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Data breaches have been in the news for several years. One thing we can learn from companies like Equifax to the massive Marriott data breach is that no company is immune if they don’t protect themselves properly.
The accounts receivable industry is no exception. News outlets throughout the industry recently reported a breach of sensitive consumer data at American Medical Collection Agency (AMCA). The news left many agencies questioning their own system security. Here are a few tips on how to prevent data breaches to ensure your company’s sensitive consumer credit card data stays secure.
1. Talk to Your Software Vendors About Data Security
Using a payment software can help your business grow by providing a convenient online payment portal and integrated compliance features that simplify your day-to-day. The right software can also serve as your agency’s first line of defense against a breach. Ask your vendors what security they offer.
Are They PCI Compliant? What Level?
The Payment Card Industry has created compliance rules for any business that accepts card payments. To keep consumer data safe and remain in compliance with PCI standards, all businesses must adhere to one of four levels of PCI compliance. Look for a vendor with Level 1 compliance – the highest level possible – to be sure consumers are as safe as possible making card payments.
Do They Have Additional Certifications?
There is no system that takes away all of your responsibility for complying with PCI standards. However, the right software can reduce your company’s personal PCI compliance workload to the 15-minute Self Assessment Questionnaire A. Not only does this save you money and time by eliminating system scans and on-site inspections, the right software can eliminate the need for card numbers to ever enter your company’s online environment at all.
For example, PDCflow’s patented Secure Entry Overlay technology offers a secure way for card data to be tokenized and encrypted without the burden of agencies storing sensitive data in their own systems.
Does Their Compliance Take You Out of PCI Scope?
An even more encouraging sign from your payment software is if they have additional security certifications. If your provider is serious about security, they will go beyond the necessary to offer as much security as possible for your consumers. Here are a few additional credentials to look for:
- SSAE18 SOC 2 Attestation
- HIPAA Certification
- Visa Global Registry Listing
2. Understand PCI Requirements
While good payment software will take you out of PCI scope, business owners must still understand what must be done at the company level to remain PCI compliant. What do agency owners need to understand?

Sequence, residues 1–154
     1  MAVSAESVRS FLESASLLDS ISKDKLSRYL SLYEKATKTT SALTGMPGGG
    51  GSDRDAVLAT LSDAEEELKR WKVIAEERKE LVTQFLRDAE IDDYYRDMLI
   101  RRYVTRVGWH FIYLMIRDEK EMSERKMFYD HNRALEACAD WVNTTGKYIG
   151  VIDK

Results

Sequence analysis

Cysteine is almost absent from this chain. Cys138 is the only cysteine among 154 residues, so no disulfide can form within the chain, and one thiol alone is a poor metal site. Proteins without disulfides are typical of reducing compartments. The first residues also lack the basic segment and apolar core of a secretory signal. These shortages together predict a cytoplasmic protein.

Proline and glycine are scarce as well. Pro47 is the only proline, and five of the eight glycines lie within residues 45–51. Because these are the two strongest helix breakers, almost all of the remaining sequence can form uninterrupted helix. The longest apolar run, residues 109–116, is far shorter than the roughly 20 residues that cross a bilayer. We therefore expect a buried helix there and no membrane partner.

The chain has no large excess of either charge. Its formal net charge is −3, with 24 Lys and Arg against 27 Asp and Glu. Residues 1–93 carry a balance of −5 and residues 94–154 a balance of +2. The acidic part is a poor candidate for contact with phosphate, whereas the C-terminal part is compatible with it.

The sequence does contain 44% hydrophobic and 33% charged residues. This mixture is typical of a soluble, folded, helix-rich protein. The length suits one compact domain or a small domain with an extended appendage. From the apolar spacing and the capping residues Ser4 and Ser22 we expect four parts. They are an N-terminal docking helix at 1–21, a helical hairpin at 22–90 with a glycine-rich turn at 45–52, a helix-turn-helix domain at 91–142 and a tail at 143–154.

What Level of PCI Compliance Applies to You?
There are four levels of PCI compliance, based upon the number of card transactions you process per year. The team members at your payment software company should be well-versed in PCI compliance requirements. If you don’t know what actions to take based on your PCI level, reach out to them for help.
PCI Compliance Levels
Self Assessment Questionnaire (SAQ)
Once you know what level of compliance applies to your company, you can then know what SAQ you must fill out annually. Remember, if your payment software offers either an iframe technology or you redirect consumers to a compliant third-party processor’s payment page, you will be eligible for the simplest SAQ that can be completed in about 15 minutes.
Ask your software company which SAQ fits with your setup. They should also offer help walking you through its completion if necessary.
3. Review Internal Policies
Along with knowing the basics and understanding how your payment software works, it’s important to identify how internal processes can put sensitive data at risk.
- Don’t store card data – have your payment software provider do it for you. Keeping this information on a server in your care increases the likelihood of a breach.
- Don’t keep hard copy files that contain sensitive information. If you must, keep them in locked cabinets in a restricted-access area.
- Appoint a person or team to be in charge of understanding security and compliance requirements.
- Have the security officer or team create and maintain training materials and train staff on compliance expectations.
- Educate employees on basic security measures. Teach them how to avoid human error-caused data breaches that can happen through events like phishing emails and social engineering scams.
Using patented technology to protect your business will help you save money in the short-term on scans and in the long-term by preventing a damaging incident. PCI compliant software can also help third-party collection marketing efforts to prospects, helping you grow your business.
Remember, a data breach is a stain not only on an agency but on the clients they serve. Clients are likely to lose business if their collection agency compromises their consumer’s data. After the latest breach, it is likely more companies will ask for security credentials when hiring an outside collection service. Know what’s expected of you and be prepared to deliver.
For more information on compliance with payment card industry standards, download the PCI compliance guide.